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Trends in Cause-Specific Outcomes Among Individuals With Type 2 Diabetes and Heart Failure in the United Kingdom, 1998-2017

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posted on 30.04.2020, 12:54 by CA Lawson, F Zaccardi, GP McCann, MJ Davies, UT Kadam, K Khunti
Importance: The phenotype of individuals with type 2 diabetes and heart failure (HF) is changing. Successful public health interventions for type 2 diabetes mean that patients more frequently present with HF without a prior ischemic event, which is likely to change outcomes, but trends in cause-specific outcomes are unknown. Objective: To investigate cause-specific outcomes and trends associated with type 2 diabetes among individuals with incident HF. Design, Setting, and Participants: This cohort study used UK primary care data, linked to hospital admissions and mortality, for 87 709 patients with incident HF from 1998 to 2017. Patients were 30 years or older and observed to death or July 31, 2017. Data analysis was conducted in March and April 2019. Exposure: Preexisting type 2 diabetes at diagnosis of HF. Individuals with type 1 diabetes were excluded. Main Outcomes and Measures: All-cause, cardiovascular (CVD), and non-CVD unplanned hospitalizations and mortality rates. Results: Of 87 709 patients with HF (43 173 [49.2%] women; 78 211 [89.2%] white), 20 858 (23.8%) had type 2 diabetes (median [interquartile range] age, 78.0 [70.0 to 84.0] years), and 66 851 (76.2%) had no diabetes (median [interquartile range] age, 80.0 [72.0 to 86.0] years). In patients with HF, type 2 diabetes was associated with an increase in the risk of unplanned hospital admission (adjusted incidence rate ratio for CVD hospitalizations: 1.24; 95% CI, 1.19 to 1.30; for non-CVD hospitalizations: 1.26; 95% CI, 1.22 to 1.30) and an increase in the risk of mortality (adjusted hazard ratio for CVD mortality: 1.06; 95% CI, 1.02 to 1.10; for non-CVD mortality: 1.24; 95% CI, 1.19 to 1.29). Age-standardized mortality risk at 1 year was 35.6% (95% CI, 35.1% to 36.1%) in the type 2 diabetes group vs 29.2% (95% CI, 29.0% to 29.5%) in the group with no diabetes. During the study period (ie, 1998 to 2017), associations of type 2 diabetes with hospitalization and mortality rates decreased for CVD outcomes but not for non-CVD outcomes. Age-adjusted hospitalization rates during the first year following HF diagnosis increased similarly for both groups over time (eg, HF with type 2 diabetes, 1998 to 2001: 133.3 per 100 person-years; 95% CI, 102.2 to 105.4 per 100 person-years; 2012 to 2015: 152.5 per 100 person-years; 95% CI, 145.5 to 159.5 per 100 person-years; P for difference in trend = .06), but trends diverged by cause. For example, hospitalizations for HF decreased for patients with type 2 diabetes at approximately the same annual rate (-2.2%; 95% CI, -3.9% to -0.5%) as they increased for those without diabetes (1.7%; 95% CI, 1.1% to 2.3%; P for difference in trend < .001). After 2004, a trend emerged showing a greater increase in non-CVD admissions among patients with HF and type 2 diabetes than among patients with no diabetes (2.3% [95% CI, 0.9% to 3.6%] vs 1.1% [95% CI, 0.8% to 1.4%]). In contrast to hospitalization rates, mortality rates reduced over time in both groups, but the reduction was greater among those with type 2 diabetes than without (-1.4% [95% CI, -1.8% to -0.9%] vs -0.7% [95% CI, -1.2% to -0.2%]; P for difference in trend < .001). Conclusions and Relevance: In this study, the higher risk of all cause-specific outcomes and emerging non-CVD trends associated with patients with type 2 diabetes who experienced HF indicated an urgent need for earlier comorbidity management and patient-centered multimorbidity care.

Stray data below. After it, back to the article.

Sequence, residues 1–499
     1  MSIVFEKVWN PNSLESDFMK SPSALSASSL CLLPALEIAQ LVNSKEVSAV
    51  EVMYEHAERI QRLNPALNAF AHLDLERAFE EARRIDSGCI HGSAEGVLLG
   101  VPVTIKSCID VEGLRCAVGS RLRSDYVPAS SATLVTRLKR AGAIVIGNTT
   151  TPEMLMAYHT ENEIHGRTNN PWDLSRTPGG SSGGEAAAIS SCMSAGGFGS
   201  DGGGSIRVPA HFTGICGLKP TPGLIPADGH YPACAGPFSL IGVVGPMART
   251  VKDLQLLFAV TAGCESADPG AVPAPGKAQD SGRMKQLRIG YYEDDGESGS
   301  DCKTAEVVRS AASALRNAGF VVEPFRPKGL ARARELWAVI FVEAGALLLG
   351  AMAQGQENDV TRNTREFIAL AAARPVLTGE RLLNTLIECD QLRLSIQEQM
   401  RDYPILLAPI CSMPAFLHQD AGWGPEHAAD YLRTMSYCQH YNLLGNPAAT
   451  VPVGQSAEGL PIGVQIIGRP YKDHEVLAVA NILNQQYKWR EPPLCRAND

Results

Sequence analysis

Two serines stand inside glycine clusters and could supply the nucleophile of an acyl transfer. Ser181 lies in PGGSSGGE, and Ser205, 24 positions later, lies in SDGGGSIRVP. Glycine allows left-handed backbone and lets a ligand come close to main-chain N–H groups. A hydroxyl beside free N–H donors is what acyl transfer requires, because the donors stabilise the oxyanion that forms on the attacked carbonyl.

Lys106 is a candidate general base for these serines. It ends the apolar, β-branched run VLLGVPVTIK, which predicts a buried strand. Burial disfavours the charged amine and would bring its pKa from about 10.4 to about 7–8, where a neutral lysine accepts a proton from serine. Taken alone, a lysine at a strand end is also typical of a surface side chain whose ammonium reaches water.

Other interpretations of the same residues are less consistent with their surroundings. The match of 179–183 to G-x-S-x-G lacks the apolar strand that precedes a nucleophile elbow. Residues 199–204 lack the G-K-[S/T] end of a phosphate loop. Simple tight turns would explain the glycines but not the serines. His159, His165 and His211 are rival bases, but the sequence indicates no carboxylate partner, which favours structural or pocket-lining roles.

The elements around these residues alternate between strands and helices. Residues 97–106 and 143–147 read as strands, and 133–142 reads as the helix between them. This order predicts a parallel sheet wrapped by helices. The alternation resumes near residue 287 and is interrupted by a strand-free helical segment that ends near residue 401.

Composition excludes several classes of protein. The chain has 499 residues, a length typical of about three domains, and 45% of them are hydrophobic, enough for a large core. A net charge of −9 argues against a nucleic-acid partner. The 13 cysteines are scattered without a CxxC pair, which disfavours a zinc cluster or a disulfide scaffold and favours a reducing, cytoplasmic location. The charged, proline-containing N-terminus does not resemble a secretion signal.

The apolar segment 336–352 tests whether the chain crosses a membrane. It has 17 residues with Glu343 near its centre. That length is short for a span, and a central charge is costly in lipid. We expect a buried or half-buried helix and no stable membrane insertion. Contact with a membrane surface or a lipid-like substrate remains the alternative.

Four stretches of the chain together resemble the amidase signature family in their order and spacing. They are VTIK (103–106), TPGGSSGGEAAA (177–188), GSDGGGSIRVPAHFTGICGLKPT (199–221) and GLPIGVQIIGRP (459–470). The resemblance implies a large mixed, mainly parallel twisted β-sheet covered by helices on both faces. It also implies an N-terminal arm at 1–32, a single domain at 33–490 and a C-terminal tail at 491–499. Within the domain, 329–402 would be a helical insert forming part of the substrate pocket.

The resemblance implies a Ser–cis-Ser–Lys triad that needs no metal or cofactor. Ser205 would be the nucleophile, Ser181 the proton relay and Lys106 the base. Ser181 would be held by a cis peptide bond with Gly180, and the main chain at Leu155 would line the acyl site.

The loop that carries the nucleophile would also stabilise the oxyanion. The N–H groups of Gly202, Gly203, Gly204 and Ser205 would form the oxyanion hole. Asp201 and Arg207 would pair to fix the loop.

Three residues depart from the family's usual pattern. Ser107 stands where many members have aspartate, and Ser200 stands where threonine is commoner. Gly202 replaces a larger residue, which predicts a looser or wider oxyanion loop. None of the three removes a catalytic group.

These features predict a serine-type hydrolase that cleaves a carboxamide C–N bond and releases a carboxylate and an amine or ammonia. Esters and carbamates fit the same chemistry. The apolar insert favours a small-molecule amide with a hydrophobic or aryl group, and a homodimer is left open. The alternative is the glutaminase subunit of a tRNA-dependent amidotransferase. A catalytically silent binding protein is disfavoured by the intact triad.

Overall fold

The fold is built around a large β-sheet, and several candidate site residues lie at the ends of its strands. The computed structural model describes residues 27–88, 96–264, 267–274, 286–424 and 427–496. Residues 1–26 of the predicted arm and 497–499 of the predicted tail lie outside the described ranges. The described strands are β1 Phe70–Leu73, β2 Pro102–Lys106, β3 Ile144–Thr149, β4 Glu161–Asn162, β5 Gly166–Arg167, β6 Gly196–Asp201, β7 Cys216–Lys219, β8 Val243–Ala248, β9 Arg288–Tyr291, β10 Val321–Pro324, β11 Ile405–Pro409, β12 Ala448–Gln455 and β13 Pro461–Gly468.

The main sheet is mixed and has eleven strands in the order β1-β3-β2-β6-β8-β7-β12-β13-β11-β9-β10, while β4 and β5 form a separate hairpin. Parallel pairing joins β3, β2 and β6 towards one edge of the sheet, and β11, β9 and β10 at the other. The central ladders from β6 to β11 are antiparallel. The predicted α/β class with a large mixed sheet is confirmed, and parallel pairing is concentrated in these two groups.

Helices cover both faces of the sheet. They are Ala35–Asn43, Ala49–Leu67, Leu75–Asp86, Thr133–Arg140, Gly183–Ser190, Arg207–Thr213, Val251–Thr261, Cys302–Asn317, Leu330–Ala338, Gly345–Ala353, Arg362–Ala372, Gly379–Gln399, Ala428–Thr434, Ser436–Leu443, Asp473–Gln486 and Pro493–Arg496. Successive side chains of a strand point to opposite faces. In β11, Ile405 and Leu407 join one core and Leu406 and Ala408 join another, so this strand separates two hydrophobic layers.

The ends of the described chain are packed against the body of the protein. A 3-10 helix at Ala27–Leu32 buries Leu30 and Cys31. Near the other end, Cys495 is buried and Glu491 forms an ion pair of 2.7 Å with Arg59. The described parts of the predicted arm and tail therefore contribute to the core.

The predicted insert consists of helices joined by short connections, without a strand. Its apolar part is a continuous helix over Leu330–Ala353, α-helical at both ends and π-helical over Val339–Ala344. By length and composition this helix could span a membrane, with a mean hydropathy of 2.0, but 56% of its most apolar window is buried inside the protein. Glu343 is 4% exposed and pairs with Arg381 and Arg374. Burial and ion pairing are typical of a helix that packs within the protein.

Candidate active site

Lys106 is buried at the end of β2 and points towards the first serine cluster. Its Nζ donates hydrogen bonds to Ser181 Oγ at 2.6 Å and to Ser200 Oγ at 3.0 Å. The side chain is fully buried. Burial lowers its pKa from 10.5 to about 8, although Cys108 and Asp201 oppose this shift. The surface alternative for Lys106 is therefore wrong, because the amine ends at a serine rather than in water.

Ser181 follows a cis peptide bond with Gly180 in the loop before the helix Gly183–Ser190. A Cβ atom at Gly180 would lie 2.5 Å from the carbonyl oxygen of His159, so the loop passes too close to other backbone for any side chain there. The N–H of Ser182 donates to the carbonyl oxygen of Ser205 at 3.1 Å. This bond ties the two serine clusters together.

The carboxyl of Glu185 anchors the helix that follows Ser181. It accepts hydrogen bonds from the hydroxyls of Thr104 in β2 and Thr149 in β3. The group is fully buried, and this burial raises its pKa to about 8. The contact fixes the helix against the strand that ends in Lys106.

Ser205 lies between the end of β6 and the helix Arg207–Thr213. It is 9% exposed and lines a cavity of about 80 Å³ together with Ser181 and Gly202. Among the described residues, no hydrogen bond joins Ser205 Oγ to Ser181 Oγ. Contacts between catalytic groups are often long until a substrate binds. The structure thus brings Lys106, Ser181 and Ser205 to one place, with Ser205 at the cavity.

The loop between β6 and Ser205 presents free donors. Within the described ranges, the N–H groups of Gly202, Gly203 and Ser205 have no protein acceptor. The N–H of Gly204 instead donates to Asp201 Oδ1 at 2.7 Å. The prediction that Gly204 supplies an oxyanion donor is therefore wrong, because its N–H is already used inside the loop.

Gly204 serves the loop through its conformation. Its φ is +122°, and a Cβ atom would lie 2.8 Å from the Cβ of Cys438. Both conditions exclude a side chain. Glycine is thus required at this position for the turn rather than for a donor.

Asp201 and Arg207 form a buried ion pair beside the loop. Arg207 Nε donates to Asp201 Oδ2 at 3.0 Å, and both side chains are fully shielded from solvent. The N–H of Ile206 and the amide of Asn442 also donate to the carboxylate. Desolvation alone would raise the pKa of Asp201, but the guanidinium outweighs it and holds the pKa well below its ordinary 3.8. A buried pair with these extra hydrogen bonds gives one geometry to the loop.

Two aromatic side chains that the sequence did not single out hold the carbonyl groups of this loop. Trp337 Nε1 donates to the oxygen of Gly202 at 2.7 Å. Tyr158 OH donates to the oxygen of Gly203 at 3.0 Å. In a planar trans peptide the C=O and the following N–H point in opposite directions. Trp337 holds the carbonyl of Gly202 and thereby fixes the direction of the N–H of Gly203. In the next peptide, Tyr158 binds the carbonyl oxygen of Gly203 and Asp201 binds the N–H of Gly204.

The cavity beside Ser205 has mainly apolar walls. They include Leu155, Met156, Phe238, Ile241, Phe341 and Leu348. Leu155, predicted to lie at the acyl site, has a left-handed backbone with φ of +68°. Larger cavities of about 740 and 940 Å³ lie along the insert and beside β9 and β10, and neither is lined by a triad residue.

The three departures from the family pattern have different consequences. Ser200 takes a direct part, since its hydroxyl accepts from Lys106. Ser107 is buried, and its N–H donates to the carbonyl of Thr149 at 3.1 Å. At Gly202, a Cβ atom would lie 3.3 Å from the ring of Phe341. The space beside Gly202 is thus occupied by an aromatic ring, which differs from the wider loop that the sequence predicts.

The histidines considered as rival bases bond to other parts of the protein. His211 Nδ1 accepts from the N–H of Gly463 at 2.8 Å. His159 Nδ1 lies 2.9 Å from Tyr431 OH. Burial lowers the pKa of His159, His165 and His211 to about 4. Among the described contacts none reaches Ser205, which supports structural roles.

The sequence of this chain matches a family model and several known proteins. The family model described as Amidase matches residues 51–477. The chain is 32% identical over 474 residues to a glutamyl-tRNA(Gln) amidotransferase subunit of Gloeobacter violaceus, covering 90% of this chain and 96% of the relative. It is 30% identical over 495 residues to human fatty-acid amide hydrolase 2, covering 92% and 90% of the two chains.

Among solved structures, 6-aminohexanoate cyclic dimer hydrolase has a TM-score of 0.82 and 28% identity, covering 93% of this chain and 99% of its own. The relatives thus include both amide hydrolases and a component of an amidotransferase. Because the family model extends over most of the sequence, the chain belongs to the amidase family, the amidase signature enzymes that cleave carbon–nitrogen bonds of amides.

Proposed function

This work was supported by grant 204801/Z/16/Z from the Leicester-Wellcome Trust Institutional Strategic Support Fund Fellowship. Dr Zaccardi is funded by an unrestricted educational grant from the National Institute of Health Research Collaborations for Leadership in Applied Health Research and Care East Midlands to the University of Leicester.



JAMA Network Open, 2019, 2(12):e1916447

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